It was hard, this new life.
Steve Rogers had woken up to this new world devoid of recognizable memory, devoid of the people who had cared about and loved him, and his initial thought once the blind panic had worn off and once the SHIELD guys had explained what they thought he had to know, was that maybe it would get better. Maybe it wasn't as bad as it seemed - nothing could be as bad as it seemed, right?
Except that it actually was. It was horrible. Steve was just so, so far out of his time, so far out of his comfort zone, and he had no one. There was no one there to care that he spent too much time staring at the walls of his apartment, that the only way he fell asleep was when he'd cried himself into it, too exhausted to even bother thinking anymore.
He'd been worried for awhile that someone would make the connection between his increasing sense of hopelessness and the ever growing number of SHIELD punching bags that he kept accidentally mangling beyond use, but no one did. There wasn't anyone. He was alone.
But then Loki came, and the Chitauri, and the Avengers. For a little while, directly before meeting the full team and then directly after they'd won, Steve had felt it again - that little spark of hope, of relentless optimism that he thought he had lost somewhere in the ice. Maybe now things would be better. He had found other people like himself, unified under that common urge to do good. Things could only get easier.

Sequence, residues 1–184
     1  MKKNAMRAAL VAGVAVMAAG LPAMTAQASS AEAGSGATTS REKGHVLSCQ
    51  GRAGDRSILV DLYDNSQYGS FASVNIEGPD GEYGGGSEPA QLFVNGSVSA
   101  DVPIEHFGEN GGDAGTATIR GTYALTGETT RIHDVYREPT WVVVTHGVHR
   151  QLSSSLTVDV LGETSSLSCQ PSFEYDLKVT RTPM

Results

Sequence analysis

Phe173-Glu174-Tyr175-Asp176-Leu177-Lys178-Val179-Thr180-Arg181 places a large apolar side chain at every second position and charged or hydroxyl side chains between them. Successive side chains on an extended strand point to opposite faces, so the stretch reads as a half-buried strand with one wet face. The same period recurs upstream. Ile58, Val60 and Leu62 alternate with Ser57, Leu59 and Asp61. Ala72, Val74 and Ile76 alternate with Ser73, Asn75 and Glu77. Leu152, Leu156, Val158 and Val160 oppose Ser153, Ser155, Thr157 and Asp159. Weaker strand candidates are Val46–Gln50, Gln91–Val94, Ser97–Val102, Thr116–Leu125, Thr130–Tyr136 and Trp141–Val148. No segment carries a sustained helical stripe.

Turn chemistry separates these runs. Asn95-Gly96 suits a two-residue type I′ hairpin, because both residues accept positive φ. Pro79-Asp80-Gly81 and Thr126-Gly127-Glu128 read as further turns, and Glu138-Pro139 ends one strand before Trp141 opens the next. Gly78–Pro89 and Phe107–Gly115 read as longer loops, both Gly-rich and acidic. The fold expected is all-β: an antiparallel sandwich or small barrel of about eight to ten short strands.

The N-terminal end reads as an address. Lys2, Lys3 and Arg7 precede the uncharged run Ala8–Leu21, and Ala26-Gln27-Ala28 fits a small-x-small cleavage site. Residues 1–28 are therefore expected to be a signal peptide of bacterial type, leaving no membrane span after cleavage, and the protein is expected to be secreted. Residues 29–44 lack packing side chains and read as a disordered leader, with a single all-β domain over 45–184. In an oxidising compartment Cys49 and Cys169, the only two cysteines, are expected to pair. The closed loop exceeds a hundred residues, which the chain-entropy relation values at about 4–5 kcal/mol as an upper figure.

But as they sat in that shawarma joint, not a word spoken as they all chewed silently and stared into space, Steve knew he was wrong again. Sure, they'd worked well as a team, got the job done, but Steve had been so stupidly naive to have assumed that would mean they all had something in common, that they were like him, because they weren't. Or, more to the point, Steve was nothing like them.
Dr. Banner, aside from practically being a recluse, was a brilliant scientist with intensive understanding of things Steve could never hope to grasp. And though Hulk had seemed not to mind Steve too much, it had been fairly clear that Dr. Banner had thought Steve was just a little bit slow. And, though Steve didn't truly believe himself to be stupid, by that same virtue he couldn't allow himself to be stupid enough to ever think he could function on the same level as Dr. Banner.
Agents Romanov and Barton were trained assassins and super spies, with levels of comprehension and worldliness that Steve couldn't begin to understand. They were bred for this, were the best in their fields, and while Steve had enjoyed working alongside both of them, especially Agent Romanov who had thrilled him in a way reminiscent of Peggy in her strength and sheer capability, he was nothing special. Not like them. How could he hope to connect with them when they were so skilled and he was just a result of an experiment, a relic undeserving from the past?
His hope for friendship with Thor was dashed along fairly similar grounds. That, and the added issue of Thor being a god, and Steve hardly even being certain what type of man he was supposed to be most days. How could he be friends with a god?